Part of the Swiss Glacier de Tsanfleuron glacier has melted as a result of the summer heat wave. The melts revealed the pass that had been covered by an ice sheet for over two thousand years. Scientists are sounding the alarm – the melting of the glaciers in the Alps has been progressing at an alarmingly rapid pace for years.
This year, summer in Europe turned out to be particularly hot. In addition to weeks of scorching heat, dry rivers and gigantic fires in the southern and western parts of the continent, high temperatures have also affected the health of the glaciers. If the trend continues, the ice sheets of the highest mountain ranges may disappear very quickly.
As a result of the heat, part of the Glacier de Tsanfleuron glacier located in the Swiss Alps has completely melted, partially revealing a rocky pass at an altitude of 2,800 meters. It separated the main part of the ice sheet from the smaller Scex Rouge glacier.
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According to representatives of the local ski resort Glacier 3000, the leftover ice on the pass is likely to melt by the end of the month.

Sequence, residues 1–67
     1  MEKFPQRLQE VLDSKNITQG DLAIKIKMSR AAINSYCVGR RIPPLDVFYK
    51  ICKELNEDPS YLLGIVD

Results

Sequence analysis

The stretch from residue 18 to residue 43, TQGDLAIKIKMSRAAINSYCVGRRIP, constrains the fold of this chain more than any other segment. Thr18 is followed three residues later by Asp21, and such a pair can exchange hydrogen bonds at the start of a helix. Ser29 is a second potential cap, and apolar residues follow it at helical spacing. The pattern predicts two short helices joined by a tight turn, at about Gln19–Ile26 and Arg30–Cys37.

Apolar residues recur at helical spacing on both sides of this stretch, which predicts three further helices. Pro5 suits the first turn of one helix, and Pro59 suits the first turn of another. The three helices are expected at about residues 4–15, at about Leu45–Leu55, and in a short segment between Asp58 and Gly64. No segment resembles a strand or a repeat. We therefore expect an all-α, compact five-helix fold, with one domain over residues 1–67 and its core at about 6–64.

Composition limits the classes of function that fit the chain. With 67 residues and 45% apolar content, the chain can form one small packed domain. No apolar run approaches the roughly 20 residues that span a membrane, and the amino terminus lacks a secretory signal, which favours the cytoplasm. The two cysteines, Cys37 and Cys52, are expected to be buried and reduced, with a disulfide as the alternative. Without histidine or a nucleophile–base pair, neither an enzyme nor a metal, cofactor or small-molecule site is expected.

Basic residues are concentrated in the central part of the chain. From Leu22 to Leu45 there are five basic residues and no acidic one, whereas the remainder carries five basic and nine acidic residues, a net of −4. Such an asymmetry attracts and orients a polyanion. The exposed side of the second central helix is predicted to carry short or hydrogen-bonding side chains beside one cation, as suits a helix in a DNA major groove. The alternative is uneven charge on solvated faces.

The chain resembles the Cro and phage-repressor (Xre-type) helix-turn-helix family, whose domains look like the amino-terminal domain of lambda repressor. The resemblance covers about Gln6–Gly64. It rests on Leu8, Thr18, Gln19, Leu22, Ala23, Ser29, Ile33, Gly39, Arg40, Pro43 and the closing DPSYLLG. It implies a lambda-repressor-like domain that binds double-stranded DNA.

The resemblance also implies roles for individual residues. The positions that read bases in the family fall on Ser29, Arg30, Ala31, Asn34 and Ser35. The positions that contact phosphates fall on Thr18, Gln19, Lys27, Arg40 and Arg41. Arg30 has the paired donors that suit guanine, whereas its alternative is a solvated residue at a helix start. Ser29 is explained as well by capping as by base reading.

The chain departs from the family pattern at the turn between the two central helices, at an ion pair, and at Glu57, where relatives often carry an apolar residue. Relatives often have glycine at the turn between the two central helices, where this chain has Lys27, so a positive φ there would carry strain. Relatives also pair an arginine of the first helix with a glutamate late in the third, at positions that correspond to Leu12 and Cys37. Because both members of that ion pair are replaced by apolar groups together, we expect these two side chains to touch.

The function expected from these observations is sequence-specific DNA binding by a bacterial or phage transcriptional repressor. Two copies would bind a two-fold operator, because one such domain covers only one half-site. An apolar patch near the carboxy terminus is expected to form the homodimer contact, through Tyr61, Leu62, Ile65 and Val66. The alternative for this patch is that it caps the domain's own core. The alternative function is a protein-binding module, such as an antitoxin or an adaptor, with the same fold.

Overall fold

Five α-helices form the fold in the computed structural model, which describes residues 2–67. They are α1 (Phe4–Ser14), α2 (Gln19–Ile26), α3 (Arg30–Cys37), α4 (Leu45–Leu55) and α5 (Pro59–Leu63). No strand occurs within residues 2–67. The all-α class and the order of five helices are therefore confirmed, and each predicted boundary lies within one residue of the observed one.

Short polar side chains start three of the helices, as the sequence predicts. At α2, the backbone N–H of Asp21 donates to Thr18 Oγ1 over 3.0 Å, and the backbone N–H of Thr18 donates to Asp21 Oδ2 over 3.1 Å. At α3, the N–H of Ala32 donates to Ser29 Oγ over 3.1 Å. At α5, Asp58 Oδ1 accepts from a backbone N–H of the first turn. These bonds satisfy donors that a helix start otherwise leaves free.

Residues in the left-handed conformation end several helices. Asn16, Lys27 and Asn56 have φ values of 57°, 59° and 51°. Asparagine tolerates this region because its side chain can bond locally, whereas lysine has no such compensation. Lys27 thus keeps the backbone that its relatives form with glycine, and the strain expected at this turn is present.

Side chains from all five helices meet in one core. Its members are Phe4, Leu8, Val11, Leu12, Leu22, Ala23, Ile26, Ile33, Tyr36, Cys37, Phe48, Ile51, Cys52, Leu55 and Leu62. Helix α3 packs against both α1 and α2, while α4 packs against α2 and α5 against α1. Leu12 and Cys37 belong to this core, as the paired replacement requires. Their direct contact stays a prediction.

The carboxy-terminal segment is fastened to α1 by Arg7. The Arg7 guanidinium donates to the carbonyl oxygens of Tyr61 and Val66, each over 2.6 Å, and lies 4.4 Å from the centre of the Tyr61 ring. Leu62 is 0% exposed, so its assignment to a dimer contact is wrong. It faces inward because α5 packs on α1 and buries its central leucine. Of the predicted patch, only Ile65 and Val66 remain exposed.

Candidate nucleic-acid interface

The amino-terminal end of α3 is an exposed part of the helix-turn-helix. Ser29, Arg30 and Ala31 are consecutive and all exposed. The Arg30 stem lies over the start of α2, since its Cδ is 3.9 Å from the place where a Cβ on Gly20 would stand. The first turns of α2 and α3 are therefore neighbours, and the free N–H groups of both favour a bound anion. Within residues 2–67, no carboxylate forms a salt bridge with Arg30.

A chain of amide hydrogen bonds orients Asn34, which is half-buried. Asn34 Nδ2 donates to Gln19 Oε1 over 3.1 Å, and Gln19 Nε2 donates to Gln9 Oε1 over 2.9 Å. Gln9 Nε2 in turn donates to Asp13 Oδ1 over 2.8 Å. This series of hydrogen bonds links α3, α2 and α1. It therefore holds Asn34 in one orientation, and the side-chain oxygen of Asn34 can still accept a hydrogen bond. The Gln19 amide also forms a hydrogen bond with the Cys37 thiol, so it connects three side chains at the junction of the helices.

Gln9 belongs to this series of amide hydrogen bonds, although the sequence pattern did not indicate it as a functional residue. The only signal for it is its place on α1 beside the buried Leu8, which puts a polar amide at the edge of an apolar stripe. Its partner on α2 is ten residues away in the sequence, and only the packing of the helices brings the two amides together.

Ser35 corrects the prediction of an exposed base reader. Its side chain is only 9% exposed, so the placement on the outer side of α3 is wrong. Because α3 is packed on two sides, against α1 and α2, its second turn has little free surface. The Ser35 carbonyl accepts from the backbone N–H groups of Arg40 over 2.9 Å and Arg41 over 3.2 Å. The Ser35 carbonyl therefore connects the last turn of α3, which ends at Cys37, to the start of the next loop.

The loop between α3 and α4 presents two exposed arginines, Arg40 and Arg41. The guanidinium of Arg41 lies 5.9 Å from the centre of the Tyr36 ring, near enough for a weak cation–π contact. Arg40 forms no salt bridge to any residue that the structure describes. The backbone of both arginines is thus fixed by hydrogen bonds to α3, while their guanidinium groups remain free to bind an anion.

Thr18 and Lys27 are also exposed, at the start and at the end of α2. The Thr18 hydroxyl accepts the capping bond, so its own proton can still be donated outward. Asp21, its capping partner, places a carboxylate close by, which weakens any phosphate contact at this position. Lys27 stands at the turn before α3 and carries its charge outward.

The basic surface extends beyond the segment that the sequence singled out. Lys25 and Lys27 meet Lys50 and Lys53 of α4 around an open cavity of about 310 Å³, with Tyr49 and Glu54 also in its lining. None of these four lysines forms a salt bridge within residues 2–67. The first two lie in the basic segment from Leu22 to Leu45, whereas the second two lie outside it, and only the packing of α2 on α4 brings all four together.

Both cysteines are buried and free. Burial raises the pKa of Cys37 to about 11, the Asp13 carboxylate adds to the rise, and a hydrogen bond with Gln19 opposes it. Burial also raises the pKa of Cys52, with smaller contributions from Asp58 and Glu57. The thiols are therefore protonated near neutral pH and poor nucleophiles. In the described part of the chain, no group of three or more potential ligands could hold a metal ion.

– We knew that one day the mountain pass would open up, says Bernhard Tschannen from Glacier 3000. – This year was dramatic. We lost about three times more ice than the previous decade’s average, he adds.
Mauro Fischer, a glaciologist at the University of Bern, points out that about 10 years ago the pass was covered with a 15-meter layer of ice, which had almost completely melted until then. In places the snow layer is still 5 meters thick, but at other points it is only a centimeter.
For several years, the Alpine region has been haunted by increasingly warmer summers and ever milder, less snowy winters. This year, however, it was particularly hot there – in some places the temperature reached over 30 degrees Celsiuswhich had an impact on the ice cover. According to data collected as part of the Copernicus project, the average summer temperature in Switzerland this year was 0.4 degrees higher than the previous record year.
“What we’ve seen this summer really goes beyond anything we’ve measured so far,” emphasizes Fischer.
Even if the warming could be stopped suddenly, the researchers said, it would be too late for hundreds of Switzerland’s 1,400 glaciers, which make up about half of all glacier ice in the Alps. One of the “lost” glaciers is the newly separated Scex Rouge, which will not survive separation from Glacier de Tsanfleuron.
“Glaciers are a living mass,” adds Tschannen. – I think it will be gone within a decade.
Main photo source: Reuters